| Quote #7
The Villa Straylight was a parasitic structure, Case reminded himself, as he stepped past the tendrils of caulk and through Marcus Garvey's forward hatch. Straylight bled air and water out of Freeside, and had no ecosystem of its own. (19.1)
The complicated inner-workings of Freeside make the Straylight's theft of its resources hard to notice. It allows those who run the technology to take what they want from those who access it. Like how Facebook and Google take the personal information of their users and sell it to ad agencies. Can you think of any other examples of this happening in your life?
| Quote #8
"She imagined us in a symbiotic relationship with the AI's, our corporate decisions made for us. Our conscious decisions, I should say. Tessier-Ashpool would be immortal, a hive, each of us units of a larder entity." (19.39)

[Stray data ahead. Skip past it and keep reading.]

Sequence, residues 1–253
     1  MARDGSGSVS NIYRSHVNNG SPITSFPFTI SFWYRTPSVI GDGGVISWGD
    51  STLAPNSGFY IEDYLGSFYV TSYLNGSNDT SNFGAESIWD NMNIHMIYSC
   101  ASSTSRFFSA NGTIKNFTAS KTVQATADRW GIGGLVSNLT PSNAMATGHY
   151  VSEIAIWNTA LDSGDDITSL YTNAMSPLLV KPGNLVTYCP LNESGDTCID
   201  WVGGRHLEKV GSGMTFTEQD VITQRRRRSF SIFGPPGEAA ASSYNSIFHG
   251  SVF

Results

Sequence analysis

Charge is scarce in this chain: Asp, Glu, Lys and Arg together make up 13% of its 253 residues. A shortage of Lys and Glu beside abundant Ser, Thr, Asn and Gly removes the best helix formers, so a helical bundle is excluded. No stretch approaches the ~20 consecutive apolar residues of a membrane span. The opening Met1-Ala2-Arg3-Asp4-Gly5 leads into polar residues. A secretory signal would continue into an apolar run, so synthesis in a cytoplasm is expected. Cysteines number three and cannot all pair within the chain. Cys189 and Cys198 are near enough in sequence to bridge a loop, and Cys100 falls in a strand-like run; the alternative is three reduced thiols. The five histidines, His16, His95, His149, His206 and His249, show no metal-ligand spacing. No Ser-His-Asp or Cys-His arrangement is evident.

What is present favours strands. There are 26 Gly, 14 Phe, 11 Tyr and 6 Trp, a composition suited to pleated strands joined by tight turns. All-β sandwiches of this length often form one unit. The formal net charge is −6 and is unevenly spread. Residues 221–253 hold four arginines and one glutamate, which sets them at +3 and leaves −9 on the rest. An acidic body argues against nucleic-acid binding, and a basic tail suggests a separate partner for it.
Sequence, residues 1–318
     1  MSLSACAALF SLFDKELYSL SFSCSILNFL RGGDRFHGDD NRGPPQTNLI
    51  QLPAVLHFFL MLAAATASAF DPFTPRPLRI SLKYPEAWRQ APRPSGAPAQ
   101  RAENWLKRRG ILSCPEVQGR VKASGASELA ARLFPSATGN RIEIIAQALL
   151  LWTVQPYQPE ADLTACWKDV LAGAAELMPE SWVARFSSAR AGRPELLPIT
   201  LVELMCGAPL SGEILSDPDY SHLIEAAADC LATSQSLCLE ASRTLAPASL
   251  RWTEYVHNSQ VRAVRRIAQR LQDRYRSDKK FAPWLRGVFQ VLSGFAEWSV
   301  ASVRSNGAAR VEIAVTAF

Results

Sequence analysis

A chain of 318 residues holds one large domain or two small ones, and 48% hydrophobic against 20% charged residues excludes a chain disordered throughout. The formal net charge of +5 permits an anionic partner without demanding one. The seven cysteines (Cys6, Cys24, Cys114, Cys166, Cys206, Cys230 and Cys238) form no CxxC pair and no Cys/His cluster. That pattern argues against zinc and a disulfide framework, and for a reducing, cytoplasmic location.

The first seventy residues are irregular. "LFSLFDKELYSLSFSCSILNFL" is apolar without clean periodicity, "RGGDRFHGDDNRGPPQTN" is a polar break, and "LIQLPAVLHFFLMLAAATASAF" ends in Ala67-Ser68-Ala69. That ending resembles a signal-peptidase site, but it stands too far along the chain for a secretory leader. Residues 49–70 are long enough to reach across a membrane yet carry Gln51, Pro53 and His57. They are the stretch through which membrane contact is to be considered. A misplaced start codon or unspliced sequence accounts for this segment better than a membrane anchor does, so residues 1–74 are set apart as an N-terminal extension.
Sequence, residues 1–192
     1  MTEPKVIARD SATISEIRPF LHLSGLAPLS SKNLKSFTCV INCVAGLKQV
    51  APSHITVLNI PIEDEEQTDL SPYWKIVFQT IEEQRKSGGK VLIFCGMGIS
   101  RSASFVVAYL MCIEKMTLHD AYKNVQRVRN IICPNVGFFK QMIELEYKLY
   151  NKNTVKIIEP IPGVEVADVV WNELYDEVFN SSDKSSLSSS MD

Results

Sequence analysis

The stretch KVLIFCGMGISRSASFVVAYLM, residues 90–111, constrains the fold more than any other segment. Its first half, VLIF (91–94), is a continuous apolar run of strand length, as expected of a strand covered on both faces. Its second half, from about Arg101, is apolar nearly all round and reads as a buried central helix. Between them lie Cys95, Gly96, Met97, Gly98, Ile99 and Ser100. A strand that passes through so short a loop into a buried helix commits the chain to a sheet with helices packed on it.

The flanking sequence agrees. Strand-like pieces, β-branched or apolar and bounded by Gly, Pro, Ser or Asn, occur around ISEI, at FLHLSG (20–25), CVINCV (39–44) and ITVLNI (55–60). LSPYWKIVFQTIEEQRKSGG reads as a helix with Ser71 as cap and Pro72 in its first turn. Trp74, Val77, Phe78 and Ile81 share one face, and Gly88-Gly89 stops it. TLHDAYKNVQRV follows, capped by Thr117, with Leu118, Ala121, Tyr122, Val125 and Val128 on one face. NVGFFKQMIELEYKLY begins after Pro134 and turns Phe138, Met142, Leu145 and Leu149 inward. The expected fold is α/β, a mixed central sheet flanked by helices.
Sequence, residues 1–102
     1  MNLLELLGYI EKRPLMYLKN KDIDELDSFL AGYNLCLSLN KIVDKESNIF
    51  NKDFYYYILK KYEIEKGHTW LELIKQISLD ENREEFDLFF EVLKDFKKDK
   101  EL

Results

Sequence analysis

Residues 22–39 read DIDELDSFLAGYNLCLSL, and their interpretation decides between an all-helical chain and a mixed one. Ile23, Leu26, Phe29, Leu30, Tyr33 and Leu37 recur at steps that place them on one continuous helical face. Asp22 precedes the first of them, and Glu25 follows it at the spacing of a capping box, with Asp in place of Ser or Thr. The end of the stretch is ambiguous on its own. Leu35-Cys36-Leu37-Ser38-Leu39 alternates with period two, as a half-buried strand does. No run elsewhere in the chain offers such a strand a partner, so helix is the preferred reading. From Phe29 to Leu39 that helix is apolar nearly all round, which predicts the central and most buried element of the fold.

The old wish for immortality, eh? Where once people sought alchemy potions or fountains of youth, now they desire technology to grant their wishes. But could computers and machinery succeed where magic once failed? When we consider some of the wonders of modern medicine, it sure seems like it.
| Quote #9
[…] as [Linda] pulled [Case] down, to the meat, the flesh the cowboys mocked. It was a vast thing, beyond knowing, a sea of information coded in spiral and pheromone, infinite intricacy that only the body, in its strong blind way, could ever read. (20.86)
Notice that the language describing their sexual encounter is similar to the descriptions of Case's experience in cyberspace. Case loved cyberspace but wasn't so keen on the "meat" of the body. Do you think the language suggests a change for him?